Shotgun cleaned and shells resting in their cases. Feeders up, trail cameras ready, and bow sighted in. Yes, it is just about the time of year when hunters’ wives become hunters’ widows.
Realizing this by looking at the calendar and the trips planned ahead, I explained to my wife this last weekend would be hers. Just a husband/wife getaway. I suggested to her for us to get a small quaint cabin in the mountains and separate ourselves from reality. She bought in. In fact, she was all in. From the moment I mentioned it she was looking for places to stay.
Now the difference between men and women has been documented for ages. Not physically, but mentally. This set up of this trip was much the same way a shopping trip evolves. When I (men) think about shopping for clothes for instance, I (us men) can go into the store, check the size of a pair of jeans, and pick them up. Then I (again, us men) walk over to the clearance rack, look for the section with the right size shirt, grab one, and then I’m off to the register.
My wife (women) handles things differently. She looks for the clothes she likes. She spots something that really catches her eye. She picks it up and realizes it is the wrong size. She puts it up and will search the store for another that is the same. If I ran a clothing store, I would put all the same style clothes in the same area. Evidently the women’s sections are not arranged that way. Or at least that is the way I picture it as my wife works rack to rack like a bumble bee on a bed of flowers.
The worst part about shopping in this fashion is not the part of having to endure the flight of the bumble bee. It is having to hear all the way home how she could not find anything after shopping from dawn to dusk yet somehow I was able to collect an entire wardrobe in less time than it takes to count one, two, thr… See what I mean!
So my wife is investigating cabin after cabin, all the while asking how far this is from that. Finally, I give in. I take the busiest 2 minutes and 15 seconds of my day and send her a couple of links to cabin locations mentioning a couple of choices from each link that I like. Now it was up to her to figure out from there.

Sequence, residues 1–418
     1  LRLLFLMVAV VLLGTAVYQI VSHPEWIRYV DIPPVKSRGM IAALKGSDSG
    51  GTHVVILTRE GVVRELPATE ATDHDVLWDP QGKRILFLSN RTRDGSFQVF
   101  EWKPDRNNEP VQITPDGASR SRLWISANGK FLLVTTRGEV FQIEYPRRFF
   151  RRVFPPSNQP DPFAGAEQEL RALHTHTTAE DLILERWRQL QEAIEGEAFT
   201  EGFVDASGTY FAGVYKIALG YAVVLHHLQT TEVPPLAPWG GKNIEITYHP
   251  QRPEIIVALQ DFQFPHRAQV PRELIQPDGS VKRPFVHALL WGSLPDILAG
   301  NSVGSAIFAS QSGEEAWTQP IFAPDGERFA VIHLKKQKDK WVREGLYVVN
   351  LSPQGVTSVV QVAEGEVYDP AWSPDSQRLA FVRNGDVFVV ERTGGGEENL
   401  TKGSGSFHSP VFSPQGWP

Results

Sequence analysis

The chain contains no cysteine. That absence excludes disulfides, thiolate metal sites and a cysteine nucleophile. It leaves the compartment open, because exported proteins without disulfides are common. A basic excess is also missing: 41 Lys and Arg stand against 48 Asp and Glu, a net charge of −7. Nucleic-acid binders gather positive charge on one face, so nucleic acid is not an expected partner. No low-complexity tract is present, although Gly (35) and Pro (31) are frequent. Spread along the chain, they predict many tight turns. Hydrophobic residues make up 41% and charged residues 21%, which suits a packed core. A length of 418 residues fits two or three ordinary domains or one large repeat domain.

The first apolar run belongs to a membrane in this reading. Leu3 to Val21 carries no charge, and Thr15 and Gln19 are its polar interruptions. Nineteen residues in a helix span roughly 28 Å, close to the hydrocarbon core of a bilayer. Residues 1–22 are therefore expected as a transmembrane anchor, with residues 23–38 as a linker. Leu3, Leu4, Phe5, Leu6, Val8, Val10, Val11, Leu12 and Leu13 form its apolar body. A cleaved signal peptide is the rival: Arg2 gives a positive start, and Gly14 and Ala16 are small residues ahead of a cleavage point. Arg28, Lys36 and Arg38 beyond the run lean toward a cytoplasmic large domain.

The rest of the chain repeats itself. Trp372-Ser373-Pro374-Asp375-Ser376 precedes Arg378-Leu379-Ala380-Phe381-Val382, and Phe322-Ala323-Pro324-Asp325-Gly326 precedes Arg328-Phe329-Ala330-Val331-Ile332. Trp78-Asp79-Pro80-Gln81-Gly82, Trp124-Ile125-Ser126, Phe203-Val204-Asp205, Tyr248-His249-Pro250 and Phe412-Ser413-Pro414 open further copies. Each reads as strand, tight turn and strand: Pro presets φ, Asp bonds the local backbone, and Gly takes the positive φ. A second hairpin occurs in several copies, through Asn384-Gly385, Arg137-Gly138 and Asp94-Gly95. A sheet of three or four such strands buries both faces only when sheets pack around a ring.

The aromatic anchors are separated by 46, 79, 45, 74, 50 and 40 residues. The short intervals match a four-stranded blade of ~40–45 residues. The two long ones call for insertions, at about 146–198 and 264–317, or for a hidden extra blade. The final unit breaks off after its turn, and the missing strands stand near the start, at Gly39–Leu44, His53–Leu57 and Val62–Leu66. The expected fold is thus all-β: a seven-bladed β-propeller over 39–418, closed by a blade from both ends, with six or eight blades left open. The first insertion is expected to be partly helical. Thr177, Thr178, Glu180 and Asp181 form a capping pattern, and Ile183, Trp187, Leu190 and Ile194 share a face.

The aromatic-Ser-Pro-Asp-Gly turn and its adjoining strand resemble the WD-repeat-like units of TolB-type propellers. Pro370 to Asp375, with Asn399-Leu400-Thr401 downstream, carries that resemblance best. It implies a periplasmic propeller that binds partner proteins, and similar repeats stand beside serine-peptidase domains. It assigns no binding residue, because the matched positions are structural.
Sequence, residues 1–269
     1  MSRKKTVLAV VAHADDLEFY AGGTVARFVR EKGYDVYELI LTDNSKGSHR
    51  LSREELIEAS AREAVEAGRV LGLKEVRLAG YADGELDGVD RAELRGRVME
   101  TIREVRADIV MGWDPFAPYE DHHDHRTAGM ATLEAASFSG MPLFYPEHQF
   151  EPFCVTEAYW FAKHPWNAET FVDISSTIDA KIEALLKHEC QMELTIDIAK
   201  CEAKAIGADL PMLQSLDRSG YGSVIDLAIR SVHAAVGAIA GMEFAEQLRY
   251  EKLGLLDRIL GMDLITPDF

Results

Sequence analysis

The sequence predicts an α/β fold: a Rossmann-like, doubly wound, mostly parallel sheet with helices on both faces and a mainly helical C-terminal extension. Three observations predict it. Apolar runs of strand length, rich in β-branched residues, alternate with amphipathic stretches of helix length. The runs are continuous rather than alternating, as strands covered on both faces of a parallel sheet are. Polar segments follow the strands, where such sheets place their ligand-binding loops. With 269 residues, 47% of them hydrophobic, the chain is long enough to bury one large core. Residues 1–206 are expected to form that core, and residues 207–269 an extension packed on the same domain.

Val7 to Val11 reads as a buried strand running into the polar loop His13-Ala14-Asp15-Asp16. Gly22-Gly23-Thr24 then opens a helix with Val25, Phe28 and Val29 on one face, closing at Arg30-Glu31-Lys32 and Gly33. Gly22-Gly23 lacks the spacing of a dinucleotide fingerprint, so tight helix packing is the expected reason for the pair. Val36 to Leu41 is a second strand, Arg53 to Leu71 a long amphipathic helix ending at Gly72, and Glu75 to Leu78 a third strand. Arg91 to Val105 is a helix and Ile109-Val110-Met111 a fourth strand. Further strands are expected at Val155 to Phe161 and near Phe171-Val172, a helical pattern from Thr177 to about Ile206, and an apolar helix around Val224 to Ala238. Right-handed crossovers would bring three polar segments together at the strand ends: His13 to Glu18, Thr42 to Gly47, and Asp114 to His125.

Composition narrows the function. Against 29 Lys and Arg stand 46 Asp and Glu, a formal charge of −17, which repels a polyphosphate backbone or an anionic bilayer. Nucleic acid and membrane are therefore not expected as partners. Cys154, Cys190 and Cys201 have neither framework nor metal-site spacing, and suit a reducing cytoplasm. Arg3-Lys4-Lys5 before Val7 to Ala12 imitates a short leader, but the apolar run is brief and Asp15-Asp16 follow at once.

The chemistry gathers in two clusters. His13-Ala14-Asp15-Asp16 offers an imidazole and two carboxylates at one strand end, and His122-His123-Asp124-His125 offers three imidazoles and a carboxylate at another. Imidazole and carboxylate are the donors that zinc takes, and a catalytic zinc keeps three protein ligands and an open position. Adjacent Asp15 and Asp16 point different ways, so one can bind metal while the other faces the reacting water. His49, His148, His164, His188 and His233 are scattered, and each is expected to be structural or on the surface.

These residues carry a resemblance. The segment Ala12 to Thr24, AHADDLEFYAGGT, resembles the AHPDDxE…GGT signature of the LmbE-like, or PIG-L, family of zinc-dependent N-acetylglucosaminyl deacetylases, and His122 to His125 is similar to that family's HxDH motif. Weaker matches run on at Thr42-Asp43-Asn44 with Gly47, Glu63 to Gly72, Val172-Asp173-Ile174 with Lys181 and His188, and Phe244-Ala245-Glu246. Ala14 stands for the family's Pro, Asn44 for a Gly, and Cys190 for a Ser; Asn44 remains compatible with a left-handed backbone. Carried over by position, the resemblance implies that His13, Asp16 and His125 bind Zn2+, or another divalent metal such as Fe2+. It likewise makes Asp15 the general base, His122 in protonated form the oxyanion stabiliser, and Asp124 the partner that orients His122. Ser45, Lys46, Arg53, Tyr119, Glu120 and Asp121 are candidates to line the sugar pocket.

We agreed on the cabin, and hit the asphalt toward our destination. We put together a list of about three things we would be interested in doing while staying on our getaway. And we decided we would not be disappointed if we did neither. Rest and relaxation was the main goal. That is why the cabin I chose had a kitchen out on the porch! A little camping out without camping out.
|Yep, my truck is as long as the cabin!|
The cabin was all of 100 square feet of non-air conditioned space. Hey, we are in the mountains. We don’t need AC. A fan and the outside air will do. We did have television. Three channels. All three were PBS (to be fair, one PBS channel was actually PBS Kids). But, to me, that was fine. In fact, it was fine to my wife too.
We broke away one evening for dinner. Juicy burgers sitting under an umbrella while listening to a banjo. We didn’t have to paddle faster either. Everybody had their teeth. Everybody had shoes on. Peaceful.
Now what has this got to do with the outdoors? Everything. This was the outdoors. Simple cabin, simple amenities, simple life. Peaceful.
We decided we may, yes may, invite the kids along and go there again. It won’t be as peaceful. But you can’t lock them up in the closet but so many weekends. My daughter told me she would call Social Security next time I did that. I told her it would be quicker to just call 611. So much for peacefulness.